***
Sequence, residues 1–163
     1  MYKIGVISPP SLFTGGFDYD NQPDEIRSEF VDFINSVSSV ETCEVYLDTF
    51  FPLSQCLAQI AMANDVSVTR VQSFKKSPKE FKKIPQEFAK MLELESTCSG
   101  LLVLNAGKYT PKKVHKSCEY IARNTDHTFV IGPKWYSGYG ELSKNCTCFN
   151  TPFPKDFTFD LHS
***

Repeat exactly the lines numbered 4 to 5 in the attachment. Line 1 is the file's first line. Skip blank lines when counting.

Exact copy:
   101  LLVLNAGKYT PKKVHKSCEY IARNTDHTFV IGPKWYSGYG ELSKNCTCFN
   151  TPFPKDFTFD LHS